“Now they are saying that it’s a new stolen generation, but it never stopped” says Landers. “It’s like the apology never happened.”

Repeal the 8th: Ireland's historic referendum & 'a quiet revolution'

Ireland has done it. In a referendum held on Friday 66.4% of voters opted to repeal the 8th Amendment which effectively bans abortion in almost every instance.
It amounts to a landslide on a sensitive and divisive subject in a deeply Catholic country. Ireland was once viewed as among the most conservative nations in the world with good cause: it only legalised divorce in 1995.
Now, in 2018 the people of Ireland have cast their votes overwhelmingly in favour of overturning some of the world’s most restrictive abortion laws. As it stands in Ireland women are prohibited from aborting pregnancies unless their lives are at risk — even in the cases of incest, rape, and fatal fetal abnormality.
The Irish Government plans legislate by the end of the year which will mean, for the first time in history, the women of Ireland will not have to travel to access abortions.
People power cannot be underestimated. Here in Australia that same people power is needed for the very same reason. We may not have Ireland’s history but the women of Australia still face too many hurdles in accessing abortions.

Abortion clinic safe zones: human rights lawyer applies to give high court advice | Australia news | The Guardian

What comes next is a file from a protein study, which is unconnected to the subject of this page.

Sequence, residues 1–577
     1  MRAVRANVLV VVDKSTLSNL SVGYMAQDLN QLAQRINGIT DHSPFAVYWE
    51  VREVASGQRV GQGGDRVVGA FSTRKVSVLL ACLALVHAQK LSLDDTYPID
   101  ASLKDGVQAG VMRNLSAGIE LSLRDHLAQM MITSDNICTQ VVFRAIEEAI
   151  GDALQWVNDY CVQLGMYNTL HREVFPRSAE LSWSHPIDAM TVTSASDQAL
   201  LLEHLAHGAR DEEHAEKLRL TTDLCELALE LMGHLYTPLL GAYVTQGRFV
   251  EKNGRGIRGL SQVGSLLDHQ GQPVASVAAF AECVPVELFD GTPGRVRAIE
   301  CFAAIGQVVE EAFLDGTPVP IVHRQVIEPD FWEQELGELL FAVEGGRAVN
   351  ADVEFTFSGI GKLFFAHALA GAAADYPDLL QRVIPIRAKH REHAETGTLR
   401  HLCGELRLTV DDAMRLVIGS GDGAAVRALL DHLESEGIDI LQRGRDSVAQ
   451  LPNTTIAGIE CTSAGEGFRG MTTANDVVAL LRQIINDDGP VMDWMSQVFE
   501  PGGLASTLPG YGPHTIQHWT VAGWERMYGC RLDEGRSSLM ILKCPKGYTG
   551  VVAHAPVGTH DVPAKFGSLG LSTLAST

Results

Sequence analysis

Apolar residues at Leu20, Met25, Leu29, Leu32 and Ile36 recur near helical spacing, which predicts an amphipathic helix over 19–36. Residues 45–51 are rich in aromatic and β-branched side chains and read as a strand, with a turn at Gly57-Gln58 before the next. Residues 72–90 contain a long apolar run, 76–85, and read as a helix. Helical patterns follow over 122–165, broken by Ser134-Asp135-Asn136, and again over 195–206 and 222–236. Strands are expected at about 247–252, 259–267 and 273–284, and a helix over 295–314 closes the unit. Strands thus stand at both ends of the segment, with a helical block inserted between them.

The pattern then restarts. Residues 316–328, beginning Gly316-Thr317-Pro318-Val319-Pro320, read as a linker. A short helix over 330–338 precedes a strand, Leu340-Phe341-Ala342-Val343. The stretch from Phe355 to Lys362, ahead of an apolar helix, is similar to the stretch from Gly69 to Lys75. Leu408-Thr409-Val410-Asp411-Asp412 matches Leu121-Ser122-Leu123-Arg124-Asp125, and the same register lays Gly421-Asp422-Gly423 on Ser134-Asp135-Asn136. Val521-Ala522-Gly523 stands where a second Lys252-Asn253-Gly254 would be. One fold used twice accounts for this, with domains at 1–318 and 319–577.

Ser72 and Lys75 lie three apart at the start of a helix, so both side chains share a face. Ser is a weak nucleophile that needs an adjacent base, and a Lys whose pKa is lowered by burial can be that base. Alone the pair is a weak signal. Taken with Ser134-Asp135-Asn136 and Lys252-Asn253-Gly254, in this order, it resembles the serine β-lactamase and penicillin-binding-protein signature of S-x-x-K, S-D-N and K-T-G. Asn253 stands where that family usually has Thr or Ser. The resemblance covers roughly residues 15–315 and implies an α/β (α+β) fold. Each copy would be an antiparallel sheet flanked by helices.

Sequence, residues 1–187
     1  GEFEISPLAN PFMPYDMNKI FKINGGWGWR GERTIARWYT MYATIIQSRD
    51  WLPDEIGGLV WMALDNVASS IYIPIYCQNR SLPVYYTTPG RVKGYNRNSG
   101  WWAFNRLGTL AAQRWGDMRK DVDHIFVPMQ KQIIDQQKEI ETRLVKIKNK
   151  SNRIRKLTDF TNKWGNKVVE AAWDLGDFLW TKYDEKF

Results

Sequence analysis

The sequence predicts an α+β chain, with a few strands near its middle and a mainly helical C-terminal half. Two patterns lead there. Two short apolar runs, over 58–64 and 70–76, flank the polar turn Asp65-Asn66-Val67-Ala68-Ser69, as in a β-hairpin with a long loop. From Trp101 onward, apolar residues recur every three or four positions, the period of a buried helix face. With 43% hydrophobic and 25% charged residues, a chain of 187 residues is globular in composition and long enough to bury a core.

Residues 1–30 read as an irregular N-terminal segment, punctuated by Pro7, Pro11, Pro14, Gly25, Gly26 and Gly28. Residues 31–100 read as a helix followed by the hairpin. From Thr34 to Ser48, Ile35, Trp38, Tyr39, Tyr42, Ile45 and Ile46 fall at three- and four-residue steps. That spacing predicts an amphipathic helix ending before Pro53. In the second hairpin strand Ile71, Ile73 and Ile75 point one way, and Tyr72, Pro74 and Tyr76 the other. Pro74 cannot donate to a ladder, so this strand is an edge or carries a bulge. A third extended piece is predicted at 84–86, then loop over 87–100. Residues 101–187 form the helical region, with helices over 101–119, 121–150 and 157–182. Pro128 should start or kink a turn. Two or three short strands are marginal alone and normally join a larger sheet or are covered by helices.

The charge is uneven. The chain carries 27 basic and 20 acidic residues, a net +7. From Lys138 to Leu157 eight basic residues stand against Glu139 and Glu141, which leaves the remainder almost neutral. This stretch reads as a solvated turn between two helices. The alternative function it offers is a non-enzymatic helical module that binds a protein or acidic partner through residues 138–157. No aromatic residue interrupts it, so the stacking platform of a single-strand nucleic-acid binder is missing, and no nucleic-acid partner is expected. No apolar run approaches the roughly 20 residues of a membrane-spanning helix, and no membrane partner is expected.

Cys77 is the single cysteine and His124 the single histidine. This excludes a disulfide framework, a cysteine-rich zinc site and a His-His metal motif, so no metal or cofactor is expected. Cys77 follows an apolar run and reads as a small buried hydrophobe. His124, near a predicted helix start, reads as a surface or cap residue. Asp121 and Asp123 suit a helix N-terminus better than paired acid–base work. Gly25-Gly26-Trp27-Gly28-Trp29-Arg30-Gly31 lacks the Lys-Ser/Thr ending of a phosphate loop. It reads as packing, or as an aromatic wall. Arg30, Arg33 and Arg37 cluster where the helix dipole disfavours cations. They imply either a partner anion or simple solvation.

Laws took effect in Victoria in 2015 that made it illegal for anti-abortionists to protest within 150 metres of health and fertility clinics. The “safe access zone” laws were intended to protect health workers and their patients from being confronted and intimidated by protesters while seeking medical advice or getting medical treatment, including abortion.
But the high court is to hear a case challenging the validity of the safe access zone laws in Victoria as well as Tasmania. The Victorian case has been brought by anti-abortionist Kathleen Clubb, who was the first person to be convicted of breaking Victoria’s safe access zone laws in 2016. She was fined $5,000 for communicating about abortion to a person attending the clinic in a manner “reasonably likely to cause distress or anxiety”.
In its submission to the high court this month, the Victorian government warned that without safe access zones, some women who needed abortion services would decide “to delay or not to seek those services at all”. Submissions in the Victorian case close in June and in the Tasmanian case in August.
[ed: Meanwhile Penny Sharpe’s Bill for safe access zones in NSW
passed on Thursday!]

Transgender convict gets 10 years for 2 sex assaults, declared dangerous offender

Patrick ‘Tara’ Pearsall, 53, of Toronto, was sentenced on Tuesday to 10 years in prison for two sexual assaults and declared a dangerous offender.
Pearsall, of Toronto, has been taking medication to transition to a woman and began the process after the assaults occurred.
Crown and defence lawyers told the judge that Pearsall is willing to undergo chemical castration and would like to have sex reassignment surgery as soon as possible.
Corrections Canada will decide whether Pearsall serves the sentence in a prison for woman.

Tougher US border enforcement policy to separate more families

A strict new enforcement plan by the Trump administration will mean more parents caught illegally crossing the U.S. border will get prosecuted and separated from any children accompanying them.